As administrators and teachers, we spend countless hours each summer preparing for an epic kickoff to the new school year. We have themed professional development days and new school year themes in August—“Welcome back! All Aboard for a Successful Year!” Then come the hard months of January and February, then on to spring, during which we are all thinking: Our train has derailed! While this spring has been very different from the traditional end of the school year, we know it takes every ounce of gumption for our students, teachers, and families to finish strong while also keeping the focus.
As we look to the new school year in the fall, what can we do as educators to support this endeavor going forward?
Administrators can schedule activities such as our school’s “Eggstra Boost Egg Hunt.” Every spring, our team fills more than 500 eggs with candy and prizes, throwing an egg hunt for our staff. Administration can also invite parent-teacher association and community members to provide snacks for staff. Another absolutely easy no-cost idea is a “jean day pass”—it’s the little things. Ask teachers to surprise families with homework-free nights or a homework assignment that encourages a family time activity!
Support is probably the No. 1 way an administrator can help with end-of-year survival. Make it a priority to be out and about in common areas and classrooms. Stop in and let teachers and students know their hard work is seen.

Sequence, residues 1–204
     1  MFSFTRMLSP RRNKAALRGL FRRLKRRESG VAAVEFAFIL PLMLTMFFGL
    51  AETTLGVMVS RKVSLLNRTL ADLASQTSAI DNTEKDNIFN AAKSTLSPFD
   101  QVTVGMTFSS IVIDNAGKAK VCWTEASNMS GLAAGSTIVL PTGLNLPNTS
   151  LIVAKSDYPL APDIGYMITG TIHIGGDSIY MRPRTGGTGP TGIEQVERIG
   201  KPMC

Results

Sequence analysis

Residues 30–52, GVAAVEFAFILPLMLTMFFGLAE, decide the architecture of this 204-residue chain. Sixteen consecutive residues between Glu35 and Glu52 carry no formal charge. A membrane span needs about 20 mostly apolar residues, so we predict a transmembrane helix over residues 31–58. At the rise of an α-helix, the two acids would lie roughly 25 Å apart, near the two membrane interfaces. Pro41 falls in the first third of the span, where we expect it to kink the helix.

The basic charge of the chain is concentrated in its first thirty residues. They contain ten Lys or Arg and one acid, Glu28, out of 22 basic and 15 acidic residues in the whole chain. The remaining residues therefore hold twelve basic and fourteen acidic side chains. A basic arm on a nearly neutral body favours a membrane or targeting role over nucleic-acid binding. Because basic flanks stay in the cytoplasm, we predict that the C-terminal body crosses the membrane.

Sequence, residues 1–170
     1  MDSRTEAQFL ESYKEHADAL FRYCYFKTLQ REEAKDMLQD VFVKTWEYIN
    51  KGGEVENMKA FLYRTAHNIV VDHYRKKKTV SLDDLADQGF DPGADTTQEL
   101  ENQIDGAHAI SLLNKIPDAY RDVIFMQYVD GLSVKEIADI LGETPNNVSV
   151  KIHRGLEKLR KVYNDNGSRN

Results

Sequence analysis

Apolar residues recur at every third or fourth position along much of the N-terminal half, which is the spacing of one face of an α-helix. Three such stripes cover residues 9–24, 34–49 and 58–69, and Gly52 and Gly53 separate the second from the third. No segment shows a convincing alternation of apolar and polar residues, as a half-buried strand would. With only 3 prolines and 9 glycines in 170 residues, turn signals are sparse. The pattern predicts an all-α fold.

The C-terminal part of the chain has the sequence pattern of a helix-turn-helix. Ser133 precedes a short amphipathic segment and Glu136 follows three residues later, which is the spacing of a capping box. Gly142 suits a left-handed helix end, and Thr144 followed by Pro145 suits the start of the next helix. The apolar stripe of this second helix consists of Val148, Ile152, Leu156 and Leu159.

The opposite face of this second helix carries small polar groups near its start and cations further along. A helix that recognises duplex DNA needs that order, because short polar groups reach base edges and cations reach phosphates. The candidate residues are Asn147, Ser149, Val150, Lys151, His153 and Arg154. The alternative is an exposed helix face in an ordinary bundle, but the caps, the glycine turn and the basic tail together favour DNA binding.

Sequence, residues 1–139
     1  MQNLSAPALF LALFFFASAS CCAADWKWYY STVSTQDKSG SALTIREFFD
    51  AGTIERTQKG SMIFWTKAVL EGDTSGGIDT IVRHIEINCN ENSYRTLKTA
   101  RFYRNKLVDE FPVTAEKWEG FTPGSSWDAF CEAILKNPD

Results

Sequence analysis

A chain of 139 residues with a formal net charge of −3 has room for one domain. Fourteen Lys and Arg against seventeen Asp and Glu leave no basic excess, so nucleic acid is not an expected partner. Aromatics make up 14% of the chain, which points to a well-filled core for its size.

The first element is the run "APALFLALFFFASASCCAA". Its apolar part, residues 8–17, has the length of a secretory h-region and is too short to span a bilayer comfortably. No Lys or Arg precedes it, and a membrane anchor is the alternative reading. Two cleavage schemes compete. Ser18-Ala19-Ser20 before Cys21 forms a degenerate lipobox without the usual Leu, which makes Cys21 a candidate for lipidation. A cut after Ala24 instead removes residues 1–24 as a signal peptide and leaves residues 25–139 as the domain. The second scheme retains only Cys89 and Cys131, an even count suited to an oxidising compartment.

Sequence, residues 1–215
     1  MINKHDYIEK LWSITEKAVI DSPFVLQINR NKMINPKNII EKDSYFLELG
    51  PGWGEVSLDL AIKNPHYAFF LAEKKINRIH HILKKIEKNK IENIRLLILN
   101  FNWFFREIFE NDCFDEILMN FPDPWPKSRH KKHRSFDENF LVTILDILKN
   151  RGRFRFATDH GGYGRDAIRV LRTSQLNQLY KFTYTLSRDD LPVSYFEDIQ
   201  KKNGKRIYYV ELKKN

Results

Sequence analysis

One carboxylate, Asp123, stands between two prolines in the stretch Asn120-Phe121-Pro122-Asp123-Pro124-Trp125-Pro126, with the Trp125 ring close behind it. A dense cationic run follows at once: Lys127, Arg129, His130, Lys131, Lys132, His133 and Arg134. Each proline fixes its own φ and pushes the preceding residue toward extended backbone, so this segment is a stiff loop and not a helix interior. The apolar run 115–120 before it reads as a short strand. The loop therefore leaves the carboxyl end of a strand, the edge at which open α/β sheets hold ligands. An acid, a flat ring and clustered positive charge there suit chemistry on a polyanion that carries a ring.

Supporting teachers and students is important, but don’t ever miss an opportunity to let parents know they are doing an awesome job as well. Parenting and teaching are often unappreciated spots, so let them all know—We see you, we hear you, and you are doing a phenomenal job!
Often, just being heard is all that is needed. One way I like to have an open-door policy is to invite faculty and staff to “walk and talk” in the afternoons. As soon as dismissal duty is over, I head on outside for a walk. Anyone is welcome to join me as I walk outside the school for about 30 minutes. Not only does this keep the office from becoming a gripe zone, it encourages stress-relieving exercise while also being heard. Other afternoons, the walk is lonely in words, but not in numbers.
Being an educator is often a lonely job. Get out there, keep your conductor’s hat, stay on track, and finish strong!
What can you do to help faculty, staff, students, and families to finish strong?
Sara Jane Russell is an assistant principal at Hernando Middle School in Hernando, MS, with an average enrollment of 1,050 students in grades 6–8 each school year. She was recently named principal for Southaven Intermediate School in Southaven, MS. She has 20 years in education, the last 10 in administration for Desoto County Schools, MS, and is the 2019 Mississippi Assistant Principal of the Year.